• Memory recall on demand

24-hour memory indicators: After alarm, the red LED flashes at different rates every 50 seconds depending on the level of CO detected - see Table 3.

Memory recall on demand: To review the memory status after initial 24 hours, press and hold the Test button, the red LED flashes in accordance to Table 3. Display models show the peak level of CO measured.

Reset Memory: Hold down the Test button until the red LED stops and the green LED starts flashing. Cover the Alarm with a cloth to muffle the sounder during this time.

Note: The memory is reset when the unit is switched off.

Table 3: CO alarm memory indicators

CO gas level

Red light response



On demand (button press)

≈ 70 ppm

1 flash every 50 seconds

1 flash

≈ 150 ppm

2 flashes every 50 seconds

2 flashes

≈ 400 ppm

4 flashes every 50 seconds

4 flashes

≈ 750 ppm

4 flashes every 50 seconds

4 flashes

CO alarm location


For your information the National Fire Protection Association’s Standard 720 advises as follows:

Carbon Monoxide Alarms shall be installed as follows:

  1. Outside of each separate dwelling unit sleeping area in the immediate vicinity of the bedroom.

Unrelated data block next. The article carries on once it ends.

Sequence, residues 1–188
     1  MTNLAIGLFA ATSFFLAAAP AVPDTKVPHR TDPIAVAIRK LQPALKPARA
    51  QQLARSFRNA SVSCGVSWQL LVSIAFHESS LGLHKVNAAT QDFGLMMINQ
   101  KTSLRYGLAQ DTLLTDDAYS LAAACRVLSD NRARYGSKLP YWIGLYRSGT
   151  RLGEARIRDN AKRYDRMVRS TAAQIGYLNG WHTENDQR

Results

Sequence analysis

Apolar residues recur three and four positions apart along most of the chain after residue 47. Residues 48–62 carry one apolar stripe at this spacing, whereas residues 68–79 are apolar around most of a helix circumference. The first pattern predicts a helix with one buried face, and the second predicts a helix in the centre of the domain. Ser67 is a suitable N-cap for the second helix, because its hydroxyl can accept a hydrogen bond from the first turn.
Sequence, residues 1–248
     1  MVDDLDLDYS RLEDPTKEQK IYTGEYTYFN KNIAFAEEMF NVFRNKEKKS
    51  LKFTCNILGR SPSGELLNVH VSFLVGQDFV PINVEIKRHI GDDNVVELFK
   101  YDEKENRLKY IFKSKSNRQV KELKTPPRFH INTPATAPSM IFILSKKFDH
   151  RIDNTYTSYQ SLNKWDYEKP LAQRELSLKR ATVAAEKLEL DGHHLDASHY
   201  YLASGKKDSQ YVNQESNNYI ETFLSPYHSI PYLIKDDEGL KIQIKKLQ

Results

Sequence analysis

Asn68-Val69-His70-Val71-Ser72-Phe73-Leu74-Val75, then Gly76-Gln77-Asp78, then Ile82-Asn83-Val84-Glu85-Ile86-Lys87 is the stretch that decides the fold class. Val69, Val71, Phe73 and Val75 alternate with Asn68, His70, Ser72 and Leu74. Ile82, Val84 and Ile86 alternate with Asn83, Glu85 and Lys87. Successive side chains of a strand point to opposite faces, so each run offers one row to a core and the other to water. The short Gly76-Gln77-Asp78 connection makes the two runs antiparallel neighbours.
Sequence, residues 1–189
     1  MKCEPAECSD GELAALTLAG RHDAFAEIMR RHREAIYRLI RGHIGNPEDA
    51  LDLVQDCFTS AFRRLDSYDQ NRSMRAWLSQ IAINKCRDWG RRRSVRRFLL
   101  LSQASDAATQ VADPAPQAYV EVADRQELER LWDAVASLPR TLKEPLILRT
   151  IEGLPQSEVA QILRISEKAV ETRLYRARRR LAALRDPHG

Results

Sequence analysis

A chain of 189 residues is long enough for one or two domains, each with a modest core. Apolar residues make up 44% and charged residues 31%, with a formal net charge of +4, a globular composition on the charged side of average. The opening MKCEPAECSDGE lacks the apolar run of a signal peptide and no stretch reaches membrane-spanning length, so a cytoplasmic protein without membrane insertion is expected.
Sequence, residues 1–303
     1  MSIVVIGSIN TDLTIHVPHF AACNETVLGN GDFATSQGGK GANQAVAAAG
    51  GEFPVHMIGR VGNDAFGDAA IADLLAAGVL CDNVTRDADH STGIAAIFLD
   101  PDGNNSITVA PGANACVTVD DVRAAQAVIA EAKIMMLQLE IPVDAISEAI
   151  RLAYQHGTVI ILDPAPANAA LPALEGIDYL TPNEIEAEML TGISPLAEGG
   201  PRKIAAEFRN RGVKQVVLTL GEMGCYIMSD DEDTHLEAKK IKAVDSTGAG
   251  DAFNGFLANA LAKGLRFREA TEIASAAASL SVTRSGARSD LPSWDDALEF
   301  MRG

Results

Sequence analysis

2. On every occupiable level of a dwelling unit, including basements but excluding attics and crawl spaces.
  3. Other locations where required by applicable laws, codes, or standards.

The equipment should be installed using wiring methods in accordance with the National Fire Protection Association’s Standard 72, 720. (National Fire Protection Association, Batterymarch Park, Quincy, MA 02269).

Note: Specific requirements for Carbon Monoxide alarm installation vary from state to state and from region to region. Check with your local Fire Department for current requirements in your area.

Recommended installation location

  • Every room containing a fuel burning appliance, and remote rooms where occupants spend a considerable amount of time
  • In every bedroom. If the number of Carbon Monoxide alarms to be fitted is limited, the following points should be considered when deciding where best to fit the alarm(s)
    • Place a CO alarm in the room if there is an appliance where people sleep.